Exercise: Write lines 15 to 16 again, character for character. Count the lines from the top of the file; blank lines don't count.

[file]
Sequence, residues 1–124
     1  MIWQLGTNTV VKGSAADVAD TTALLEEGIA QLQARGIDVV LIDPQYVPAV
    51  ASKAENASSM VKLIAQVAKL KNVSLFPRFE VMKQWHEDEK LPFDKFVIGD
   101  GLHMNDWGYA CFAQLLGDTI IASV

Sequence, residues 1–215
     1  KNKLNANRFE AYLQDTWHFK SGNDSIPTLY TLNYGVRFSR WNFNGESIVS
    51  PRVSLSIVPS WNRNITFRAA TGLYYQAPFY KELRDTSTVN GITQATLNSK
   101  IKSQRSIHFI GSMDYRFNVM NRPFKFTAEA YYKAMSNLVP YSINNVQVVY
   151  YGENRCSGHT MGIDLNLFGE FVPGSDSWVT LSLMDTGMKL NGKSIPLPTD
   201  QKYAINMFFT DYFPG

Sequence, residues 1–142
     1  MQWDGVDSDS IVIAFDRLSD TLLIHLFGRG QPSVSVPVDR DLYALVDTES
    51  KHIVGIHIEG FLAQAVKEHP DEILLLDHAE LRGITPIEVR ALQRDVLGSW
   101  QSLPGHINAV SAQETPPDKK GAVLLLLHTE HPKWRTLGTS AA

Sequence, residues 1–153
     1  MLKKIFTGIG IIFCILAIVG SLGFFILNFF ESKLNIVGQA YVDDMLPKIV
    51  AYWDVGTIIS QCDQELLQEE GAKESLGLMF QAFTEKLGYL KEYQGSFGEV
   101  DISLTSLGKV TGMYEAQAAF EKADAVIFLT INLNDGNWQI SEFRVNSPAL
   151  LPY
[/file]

Sequence, residues 1–153
     1  MLKKIFTGIG IIFCILAIVG SLGFFILNFF ESKLNIVGQA YVDDMLPKIV